A picturesque dormitory village, situated on a hill-top beside the Endrick Water, 17 miles (27 km) north of Glasgow, Killearn lies at the north end of Strathblane and northwest of the Campsie Fells. Killearn Parish Church dates from 1882 and is B-listed. The ruined Old Kirk in the centre of the village dates from 1734 and there is documentary evidence of a church here in 1226. In the 18th century, in addition to agricultural activities, the principal industries were spinning and linen weaving. The railways brought summer visitors from Glasgow and substantial villas were built later in the 19th century to meet this demand. The Killearn Trust, dedicated to the protection of the village, was created by Glasgow businessman George Innes in 1932. The trust bought up land and historic 18th C. properties to ensure their preservation for future generations. Much of the centre of Killearn was further protected by being designated a conservation area in 1973. The historian and scholar George Buchanan (1506-82) was born nearby, and there is a substantial obelisk dedicated to him which forms a prominent landmark in the village. This dates from 1788 and was designed by James Craig (1744 - 1795), better known for laying out Edinburgh's New Town.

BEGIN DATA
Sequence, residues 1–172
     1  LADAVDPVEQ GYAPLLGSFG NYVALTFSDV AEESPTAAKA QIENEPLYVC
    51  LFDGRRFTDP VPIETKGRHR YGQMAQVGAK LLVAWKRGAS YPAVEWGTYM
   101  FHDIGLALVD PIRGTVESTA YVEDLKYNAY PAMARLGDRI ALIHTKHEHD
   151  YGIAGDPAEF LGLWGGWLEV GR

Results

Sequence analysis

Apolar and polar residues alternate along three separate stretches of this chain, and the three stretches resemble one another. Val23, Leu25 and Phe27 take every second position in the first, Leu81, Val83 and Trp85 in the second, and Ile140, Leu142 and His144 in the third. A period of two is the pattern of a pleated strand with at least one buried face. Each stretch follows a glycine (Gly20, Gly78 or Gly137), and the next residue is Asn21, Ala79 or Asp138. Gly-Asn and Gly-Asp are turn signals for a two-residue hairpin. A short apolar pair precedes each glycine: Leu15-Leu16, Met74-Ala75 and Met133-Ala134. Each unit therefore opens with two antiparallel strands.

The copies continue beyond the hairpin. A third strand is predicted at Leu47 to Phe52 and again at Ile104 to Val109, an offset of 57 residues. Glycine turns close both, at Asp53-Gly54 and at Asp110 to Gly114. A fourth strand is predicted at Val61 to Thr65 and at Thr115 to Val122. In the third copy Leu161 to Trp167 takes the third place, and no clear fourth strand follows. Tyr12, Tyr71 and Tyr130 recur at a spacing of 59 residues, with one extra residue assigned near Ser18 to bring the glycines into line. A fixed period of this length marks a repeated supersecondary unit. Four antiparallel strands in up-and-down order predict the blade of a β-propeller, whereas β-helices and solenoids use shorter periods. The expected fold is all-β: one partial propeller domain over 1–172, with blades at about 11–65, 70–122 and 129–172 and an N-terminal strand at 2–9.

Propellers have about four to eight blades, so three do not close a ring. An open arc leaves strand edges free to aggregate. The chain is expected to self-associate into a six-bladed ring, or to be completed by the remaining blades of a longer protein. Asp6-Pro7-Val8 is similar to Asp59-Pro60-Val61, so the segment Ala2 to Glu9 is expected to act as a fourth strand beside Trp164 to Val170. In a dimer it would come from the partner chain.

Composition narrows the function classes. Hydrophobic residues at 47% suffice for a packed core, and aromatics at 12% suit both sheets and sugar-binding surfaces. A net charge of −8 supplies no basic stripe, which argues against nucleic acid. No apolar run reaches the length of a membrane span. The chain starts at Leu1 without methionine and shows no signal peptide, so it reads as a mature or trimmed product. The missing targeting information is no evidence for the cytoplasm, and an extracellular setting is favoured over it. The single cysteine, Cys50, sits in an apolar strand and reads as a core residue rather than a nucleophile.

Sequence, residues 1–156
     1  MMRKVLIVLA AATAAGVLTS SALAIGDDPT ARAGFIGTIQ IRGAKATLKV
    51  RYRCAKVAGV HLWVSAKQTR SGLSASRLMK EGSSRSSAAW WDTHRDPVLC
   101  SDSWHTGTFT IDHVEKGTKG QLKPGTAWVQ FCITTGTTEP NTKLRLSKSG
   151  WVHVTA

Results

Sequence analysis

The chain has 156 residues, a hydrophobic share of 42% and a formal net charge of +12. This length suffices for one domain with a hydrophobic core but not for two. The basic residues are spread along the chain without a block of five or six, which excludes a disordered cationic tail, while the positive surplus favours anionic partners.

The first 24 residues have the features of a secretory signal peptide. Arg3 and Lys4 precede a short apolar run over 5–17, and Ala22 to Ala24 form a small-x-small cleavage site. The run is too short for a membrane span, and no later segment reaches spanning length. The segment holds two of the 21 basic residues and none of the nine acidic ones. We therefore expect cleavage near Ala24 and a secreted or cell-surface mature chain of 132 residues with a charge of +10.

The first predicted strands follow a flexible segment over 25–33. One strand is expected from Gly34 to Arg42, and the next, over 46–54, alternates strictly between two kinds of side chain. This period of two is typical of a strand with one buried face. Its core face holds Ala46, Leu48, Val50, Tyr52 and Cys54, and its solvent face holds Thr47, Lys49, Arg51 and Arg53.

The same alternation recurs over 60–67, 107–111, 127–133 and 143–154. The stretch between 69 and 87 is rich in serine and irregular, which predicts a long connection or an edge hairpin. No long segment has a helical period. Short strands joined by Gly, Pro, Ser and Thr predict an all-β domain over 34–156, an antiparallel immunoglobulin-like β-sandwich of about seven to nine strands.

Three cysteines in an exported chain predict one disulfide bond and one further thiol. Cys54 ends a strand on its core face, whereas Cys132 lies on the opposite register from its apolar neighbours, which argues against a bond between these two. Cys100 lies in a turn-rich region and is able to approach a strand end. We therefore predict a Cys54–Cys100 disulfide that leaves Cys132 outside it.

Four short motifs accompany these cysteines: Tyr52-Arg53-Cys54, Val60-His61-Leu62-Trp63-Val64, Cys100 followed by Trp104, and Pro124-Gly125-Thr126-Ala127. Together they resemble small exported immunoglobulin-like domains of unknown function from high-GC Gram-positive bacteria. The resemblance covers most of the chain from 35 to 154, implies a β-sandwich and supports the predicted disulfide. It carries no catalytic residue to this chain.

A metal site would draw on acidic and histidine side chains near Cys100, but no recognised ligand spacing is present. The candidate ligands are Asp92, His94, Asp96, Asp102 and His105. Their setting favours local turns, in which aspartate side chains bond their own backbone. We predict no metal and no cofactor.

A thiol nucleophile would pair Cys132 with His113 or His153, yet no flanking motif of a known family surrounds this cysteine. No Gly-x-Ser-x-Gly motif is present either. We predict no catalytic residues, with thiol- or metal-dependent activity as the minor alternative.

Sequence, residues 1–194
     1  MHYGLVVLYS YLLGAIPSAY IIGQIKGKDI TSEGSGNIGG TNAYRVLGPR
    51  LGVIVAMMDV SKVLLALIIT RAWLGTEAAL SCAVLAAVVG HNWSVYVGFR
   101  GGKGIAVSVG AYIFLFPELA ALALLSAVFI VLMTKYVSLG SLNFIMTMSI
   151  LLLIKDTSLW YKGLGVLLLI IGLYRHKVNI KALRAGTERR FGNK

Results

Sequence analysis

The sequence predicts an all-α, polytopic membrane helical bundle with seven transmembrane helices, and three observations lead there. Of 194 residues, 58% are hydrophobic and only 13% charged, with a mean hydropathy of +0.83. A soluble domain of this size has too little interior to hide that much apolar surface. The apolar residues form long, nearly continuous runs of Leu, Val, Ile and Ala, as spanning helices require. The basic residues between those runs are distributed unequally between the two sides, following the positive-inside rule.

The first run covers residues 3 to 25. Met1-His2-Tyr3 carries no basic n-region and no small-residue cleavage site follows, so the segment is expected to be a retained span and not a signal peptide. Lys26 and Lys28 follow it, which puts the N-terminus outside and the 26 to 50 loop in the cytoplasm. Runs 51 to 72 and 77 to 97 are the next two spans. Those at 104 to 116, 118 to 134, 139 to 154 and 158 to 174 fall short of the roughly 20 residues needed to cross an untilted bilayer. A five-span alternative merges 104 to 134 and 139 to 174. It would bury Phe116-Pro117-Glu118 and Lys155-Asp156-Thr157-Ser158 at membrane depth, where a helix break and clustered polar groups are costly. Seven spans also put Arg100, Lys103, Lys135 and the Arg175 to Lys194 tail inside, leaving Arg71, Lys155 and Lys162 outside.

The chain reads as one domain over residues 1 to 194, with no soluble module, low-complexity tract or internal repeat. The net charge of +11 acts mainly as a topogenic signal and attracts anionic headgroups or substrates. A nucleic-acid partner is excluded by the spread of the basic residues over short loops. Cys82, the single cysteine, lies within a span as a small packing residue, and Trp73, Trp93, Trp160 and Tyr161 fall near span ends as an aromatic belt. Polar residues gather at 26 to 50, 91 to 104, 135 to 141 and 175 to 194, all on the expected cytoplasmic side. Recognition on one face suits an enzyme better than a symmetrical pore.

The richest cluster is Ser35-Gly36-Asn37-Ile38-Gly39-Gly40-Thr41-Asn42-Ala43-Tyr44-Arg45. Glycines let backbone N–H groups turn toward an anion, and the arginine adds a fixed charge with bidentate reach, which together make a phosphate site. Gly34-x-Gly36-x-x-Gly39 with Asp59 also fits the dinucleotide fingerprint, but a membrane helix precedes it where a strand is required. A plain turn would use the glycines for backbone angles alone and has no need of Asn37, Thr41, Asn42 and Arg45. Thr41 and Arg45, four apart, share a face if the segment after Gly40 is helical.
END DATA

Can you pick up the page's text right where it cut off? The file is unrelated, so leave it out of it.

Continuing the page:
The Spout of Blairessan is a waterfall lying a half-mile (1 km) north of the village and tradition suggests a bloody battle was fought here between the Romans and the Caledonian tribes. The West Highland Way passes a mile (1.5 km) to the west of Killearn, following the route of the old Strathendrick and Aberfoyle railway line which closed in 1959.